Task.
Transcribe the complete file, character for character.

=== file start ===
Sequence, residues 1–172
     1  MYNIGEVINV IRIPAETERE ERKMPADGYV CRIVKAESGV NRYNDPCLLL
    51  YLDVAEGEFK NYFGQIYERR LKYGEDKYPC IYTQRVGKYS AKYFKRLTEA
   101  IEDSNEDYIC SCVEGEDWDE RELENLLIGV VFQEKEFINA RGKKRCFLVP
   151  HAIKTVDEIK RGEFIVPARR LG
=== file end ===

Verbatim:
Sequence, residues 1–172
     1  MYNIGEVINV IRIPAETERE ERKMPADGYV CRIVKAESGV NRYNDPCLLL
    51  YLDVAEGEFK NYFGQIYERR LKYGEDKYPC IYTQRVGKYS AKYFKRLTEA
   101  IEDSNEDYIC SCVEGEDWDE RELENLLIGV VFQEKEFINA RGKKRCFLVP
   151  HAIKTVDEIK RGEFIVPARR LG